% sets module deprecated

%======================================================================
\section{Other Language Changes}

Here are all of the changes that Python 2.6 makes to the core Python
language.

\begin{itemize}

% Bug 1569356
\item An obscure change: when you use the the \function{locals()}
function inside a \keyword{class} statement, the resulting dictionary
no longer returns free variables.  (Free variables, in this case, are
variables referred to in the \keyword{class} statement 
that aren't attributes of the class.)

\end{itemize}


%======================================================================
\subsection{Optimizations}

\begin{itemize}

% Patch 1624059
\item Internally, a bit is now set in type objects to indicate some of
the standard built-in types.  This speeds up checking if an object is
a subclass of one of these types.  (Contributed by Neal Norwitz.)

\end{itemize}

The net result of the 2.6 optimizations is that Python 2.6 runs the
pystone benchmark around XX\% faster than Python 2.5.


%======================================================================
\section{New, Improved, and Deprecated Modules}

As usual, Python's standard library received a number of enhancements and
bug fixes.  Here's a partial list of the most notable changes, sorted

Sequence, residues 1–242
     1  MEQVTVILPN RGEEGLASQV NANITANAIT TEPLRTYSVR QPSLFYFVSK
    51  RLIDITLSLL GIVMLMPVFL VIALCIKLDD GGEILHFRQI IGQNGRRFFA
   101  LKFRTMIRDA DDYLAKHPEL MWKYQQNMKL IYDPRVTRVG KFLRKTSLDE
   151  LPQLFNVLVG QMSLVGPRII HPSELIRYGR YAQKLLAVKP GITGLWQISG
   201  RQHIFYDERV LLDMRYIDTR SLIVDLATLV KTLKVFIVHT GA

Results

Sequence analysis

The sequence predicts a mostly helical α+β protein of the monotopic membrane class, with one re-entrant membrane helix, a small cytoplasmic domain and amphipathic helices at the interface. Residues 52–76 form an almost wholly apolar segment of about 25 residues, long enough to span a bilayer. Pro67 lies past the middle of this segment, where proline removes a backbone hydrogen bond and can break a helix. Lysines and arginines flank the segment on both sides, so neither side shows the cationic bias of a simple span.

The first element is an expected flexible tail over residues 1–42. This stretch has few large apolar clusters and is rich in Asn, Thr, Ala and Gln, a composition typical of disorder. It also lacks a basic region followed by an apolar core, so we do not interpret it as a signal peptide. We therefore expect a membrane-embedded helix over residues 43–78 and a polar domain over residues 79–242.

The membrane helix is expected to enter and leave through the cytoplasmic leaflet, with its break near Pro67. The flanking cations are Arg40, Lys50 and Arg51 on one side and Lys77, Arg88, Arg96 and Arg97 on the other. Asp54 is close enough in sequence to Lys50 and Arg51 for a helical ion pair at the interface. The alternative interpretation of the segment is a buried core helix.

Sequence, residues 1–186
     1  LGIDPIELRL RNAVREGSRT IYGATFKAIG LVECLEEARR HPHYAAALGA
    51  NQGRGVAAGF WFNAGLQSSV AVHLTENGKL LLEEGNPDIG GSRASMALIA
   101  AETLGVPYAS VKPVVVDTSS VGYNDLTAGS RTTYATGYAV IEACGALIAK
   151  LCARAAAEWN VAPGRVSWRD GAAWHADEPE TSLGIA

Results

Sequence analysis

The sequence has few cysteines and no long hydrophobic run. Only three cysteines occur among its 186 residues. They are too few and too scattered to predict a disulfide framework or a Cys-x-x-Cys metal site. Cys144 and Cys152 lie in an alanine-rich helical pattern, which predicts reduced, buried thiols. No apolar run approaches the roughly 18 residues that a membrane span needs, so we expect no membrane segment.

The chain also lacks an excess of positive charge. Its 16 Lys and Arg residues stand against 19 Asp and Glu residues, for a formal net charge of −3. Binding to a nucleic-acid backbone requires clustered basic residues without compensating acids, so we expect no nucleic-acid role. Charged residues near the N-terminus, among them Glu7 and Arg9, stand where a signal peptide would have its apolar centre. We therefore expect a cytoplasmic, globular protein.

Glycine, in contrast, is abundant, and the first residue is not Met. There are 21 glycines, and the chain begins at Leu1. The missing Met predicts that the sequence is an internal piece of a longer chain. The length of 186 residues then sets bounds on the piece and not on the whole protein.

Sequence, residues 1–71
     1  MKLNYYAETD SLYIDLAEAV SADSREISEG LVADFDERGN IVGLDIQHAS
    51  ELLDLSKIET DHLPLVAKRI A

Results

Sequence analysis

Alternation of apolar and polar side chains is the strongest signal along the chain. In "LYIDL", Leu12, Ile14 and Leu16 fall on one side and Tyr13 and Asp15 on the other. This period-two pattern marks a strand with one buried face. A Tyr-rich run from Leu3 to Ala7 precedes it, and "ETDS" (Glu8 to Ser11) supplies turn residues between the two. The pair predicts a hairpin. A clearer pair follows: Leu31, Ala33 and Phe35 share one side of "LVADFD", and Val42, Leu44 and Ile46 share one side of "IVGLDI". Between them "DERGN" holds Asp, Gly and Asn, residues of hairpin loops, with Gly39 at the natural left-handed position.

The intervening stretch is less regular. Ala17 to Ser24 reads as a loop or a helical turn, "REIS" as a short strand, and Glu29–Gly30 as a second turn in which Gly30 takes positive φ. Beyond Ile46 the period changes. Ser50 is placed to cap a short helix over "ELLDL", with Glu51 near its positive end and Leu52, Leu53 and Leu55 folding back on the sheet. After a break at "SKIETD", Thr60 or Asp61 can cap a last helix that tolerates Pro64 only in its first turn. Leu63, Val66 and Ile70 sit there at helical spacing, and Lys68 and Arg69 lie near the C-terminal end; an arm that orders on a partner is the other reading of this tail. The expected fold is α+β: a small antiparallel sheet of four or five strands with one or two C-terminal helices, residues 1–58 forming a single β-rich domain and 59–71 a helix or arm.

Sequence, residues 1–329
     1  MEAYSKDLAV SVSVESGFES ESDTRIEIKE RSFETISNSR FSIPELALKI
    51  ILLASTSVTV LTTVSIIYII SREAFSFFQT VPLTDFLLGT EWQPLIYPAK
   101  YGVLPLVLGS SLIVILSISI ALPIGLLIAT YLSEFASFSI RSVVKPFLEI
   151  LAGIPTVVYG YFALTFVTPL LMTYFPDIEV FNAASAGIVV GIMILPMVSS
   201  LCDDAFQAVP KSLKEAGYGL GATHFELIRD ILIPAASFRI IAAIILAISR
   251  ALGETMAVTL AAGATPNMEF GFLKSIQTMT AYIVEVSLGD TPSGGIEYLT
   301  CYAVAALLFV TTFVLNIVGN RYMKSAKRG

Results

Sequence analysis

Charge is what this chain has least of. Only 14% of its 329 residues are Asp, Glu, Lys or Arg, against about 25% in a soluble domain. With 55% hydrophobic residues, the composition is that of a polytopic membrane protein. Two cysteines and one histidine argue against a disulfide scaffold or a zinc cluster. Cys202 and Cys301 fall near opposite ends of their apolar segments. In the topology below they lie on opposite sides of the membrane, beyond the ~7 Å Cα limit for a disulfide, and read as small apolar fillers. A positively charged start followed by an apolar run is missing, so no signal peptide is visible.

alphabetically by module name. Consult the
\file{Misc/NEWS} file in the source tree for a more
complete list of changes, or look through the CVS logs for all the
details.

\begin{itemize}

\item New data type in the \module{collections} module:
\class{NamedTuple(\var{typename}, \var{fieldnames})} is a factory function that
creates subclasses of the standard tuple whose fields are accessible
by name as well as index.  For example:

\begin{verbatim}
var_type = collections.NamedTuple('variable', 
             'id name type size')
var = var_type(1, 'frequency', 'int', 4)

print var[0], var.id		# Equivalent
print var[2], var.type          # Equivalent
\end{verbatim}

(Contributed by Raymond Hettinger.)

\item New method in the \module{curses} module:
for a window, \method{chgat()} changes the display characters for a 
certain number of characters on a single line.

\begin{verbatim}
# Boldface text starting at y=0,x=21 
# and affecting the rest of the line.
stdscr.chgat(0,21, curses.A_BOLD)  
\end{verbatim}

(Contributed by Fabian Kreutz.)

\item New function in the \module{heapq} module:
\function{merge(iter1, iter2, ...)} 
takes any number of iterables that return data 
\emph{in sorted order}, 
and 
returns a new iterator that returns the contents of
all the iterators, also in sorted order.  For example:

\begin{verbatim}
heapq.merge([1, 3, 5, 9], [2, 8, 16]) ->
  [1, 2, 3, 5, 8, 9, 16]
\end{verbatim}

(Contributed by Raymond Hettinger.)

\item New function in the \module{itertools} module:
\function{izip_longest(iter1, iter2, ...\optional{, fillvalue})}